An anti-war MP who described Tony Blair and George Bush as "wolves" for committing the "crime" of
military action against Iraq has defended his comments.
George Galloway (left) with Iraq deputy prime minister Tariq Aziz in 1999
In an interview for Abu Dhabi TV, Labour MP George Galloway questioned why Arab
countries were selling oil to the coalition forces.
The Glasgow Kelvin MP accused Mr Blair and Mr Bush of lying to the armed forces about the likely length of the war.
Mr Galloway also argued that the war was illegal - and urged British soldiers to refuse to obey "illegal orders."
Quick and easy
In the television interview, broadcast last Friday, Mr Galloway said: "Even
if it is not realistic to ask a non-Iraqi army to come to defend Iraq, we see
Arab regimes pumping oil for the countries who are attacking it.
"We wonder when the Arab leaders will wake up. When are they going to stand
by the Iraqi people?"
Turning his attention to Mr Blair and President Bush, he added: "They have
lied to the British Air Force and Navy when they said the battle of Iraq would
be very quick and easy.
"They attacked Iraq like wolves. They attacked civilians.
"It is better for Blair and Bush to stop this crime and this
catastrophe. It is time for them to return to the UN Security Council and give
diplomacy a chance."
The best thing British troops can do is to refuse to obey illegal
Mr Galloway has long been an outspoken critic of American and British policy on Iraq.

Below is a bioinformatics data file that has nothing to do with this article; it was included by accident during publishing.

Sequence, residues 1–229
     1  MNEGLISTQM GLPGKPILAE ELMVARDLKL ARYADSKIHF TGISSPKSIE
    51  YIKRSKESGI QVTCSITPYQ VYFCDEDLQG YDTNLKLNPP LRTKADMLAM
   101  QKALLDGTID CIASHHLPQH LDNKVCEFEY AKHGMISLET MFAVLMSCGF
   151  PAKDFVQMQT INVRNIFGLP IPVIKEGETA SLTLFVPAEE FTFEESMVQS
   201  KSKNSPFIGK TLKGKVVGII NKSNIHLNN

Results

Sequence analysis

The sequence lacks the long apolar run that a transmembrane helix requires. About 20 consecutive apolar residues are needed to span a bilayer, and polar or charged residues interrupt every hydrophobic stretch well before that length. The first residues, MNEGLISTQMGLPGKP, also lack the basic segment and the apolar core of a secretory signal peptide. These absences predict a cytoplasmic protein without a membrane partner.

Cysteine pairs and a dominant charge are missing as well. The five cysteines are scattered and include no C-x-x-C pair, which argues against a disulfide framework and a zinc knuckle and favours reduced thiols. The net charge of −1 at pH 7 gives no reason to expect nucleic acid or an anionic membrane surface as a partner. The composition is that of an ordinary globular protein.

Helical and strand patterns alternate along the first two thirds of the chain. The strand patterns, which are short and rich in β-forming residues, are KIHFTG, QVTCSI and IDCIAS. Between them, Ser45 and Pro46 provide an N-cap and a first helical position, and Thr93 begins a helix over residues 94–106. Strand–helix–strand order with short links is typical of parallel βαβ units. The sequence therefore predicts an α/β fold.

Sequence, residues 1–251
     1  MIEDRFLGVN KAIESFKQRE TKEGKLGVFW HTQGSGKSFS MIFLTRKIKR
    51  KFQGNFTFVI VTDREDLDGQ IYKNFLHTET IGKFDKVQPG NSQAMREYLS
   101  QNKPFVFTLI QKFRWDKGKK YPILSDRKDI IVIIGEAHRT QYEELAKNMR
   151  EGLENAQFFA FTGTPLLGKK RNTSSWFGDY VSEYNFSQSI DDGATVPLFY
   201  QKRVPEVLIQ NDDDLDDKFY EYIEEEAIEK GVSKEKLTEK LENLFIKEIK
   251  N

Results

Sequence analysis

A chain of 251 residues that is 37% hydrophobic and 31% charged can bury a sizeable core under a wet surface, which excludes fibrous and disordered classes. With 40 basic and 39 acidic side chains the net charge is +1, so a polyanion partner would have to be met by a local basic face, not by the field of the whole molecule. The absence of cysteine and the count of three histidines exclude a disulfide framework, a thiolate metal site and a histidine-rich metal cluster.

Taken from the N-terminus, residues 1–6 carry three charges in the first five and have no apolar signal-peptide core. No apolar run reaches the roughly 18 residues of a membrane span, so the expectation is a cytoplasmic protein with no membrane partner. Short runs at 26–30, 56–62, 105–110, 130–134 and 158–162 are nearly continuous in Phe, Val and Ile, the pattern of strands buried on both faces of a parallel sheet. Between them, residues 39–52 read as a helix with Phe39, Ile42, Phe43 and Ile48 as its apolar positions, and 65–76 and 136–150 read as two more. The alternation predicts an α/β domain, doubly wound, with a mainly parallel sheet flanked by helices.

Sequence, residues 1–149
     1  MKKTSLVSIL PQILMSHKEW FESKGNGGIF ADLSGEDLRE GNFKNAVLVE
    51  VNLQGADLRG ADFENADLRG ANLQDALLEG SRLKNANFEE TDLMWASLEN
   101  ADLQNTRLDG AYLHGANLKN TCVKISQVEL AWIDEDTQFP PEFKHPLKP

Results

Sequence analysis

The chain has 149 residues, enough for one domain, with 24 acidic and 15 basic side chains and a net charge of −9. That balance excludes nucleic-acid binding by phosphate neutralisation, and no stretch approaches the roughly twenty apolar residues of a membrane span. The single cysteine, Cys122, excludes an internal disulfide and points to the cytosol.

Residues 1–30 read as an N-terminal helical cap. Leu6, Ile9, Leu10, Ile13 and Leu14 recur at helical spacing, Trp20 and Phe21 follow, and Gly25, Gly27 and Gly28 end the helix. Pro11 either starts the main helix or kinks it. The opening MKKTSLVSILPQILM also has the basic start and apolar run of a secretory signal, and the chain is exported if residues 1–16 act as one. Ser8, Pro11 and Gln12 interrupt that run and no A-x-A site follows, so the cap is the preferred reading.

The MP has consistently opposed sanctions imposed on Iraq after the last Gulf War complaining that they inflict huge suffering on ordinary Iraqis.
Mr Galloway has visited Iraq on numerous occasions and met the country's president and major figures in the government.
His comments were condemned by armed forces minister Adam Ingram.
"Are there no depths to which George Galloway will not sink? I am sure such
disgraceful comments will be rightly condemned the length and breadth of this
country," he said.
Mr Galloway responded by saying: "The wolves are Bush and Blair, not the soldiers.
The soldiers are lions led by donkeys, sent to kill and be killed."
The MP rejected suggestions that his interview amounted to an act of
He said: "As for being a traitor, the people who have betrayed this country
are those who have sold it to a foreign power and who have been the miserable
surrogates of a bigger power for reasons very few people in Britain can
He added: "Given that I believe this invasion is illegal, it follows that the
only people fighting legally are the Iraqis, who are defending their country."
Mr Galloway denied that his interview amounted to incitement to Arabs to kill
He added: "The best thing British troops can do is to refuse to obey illegal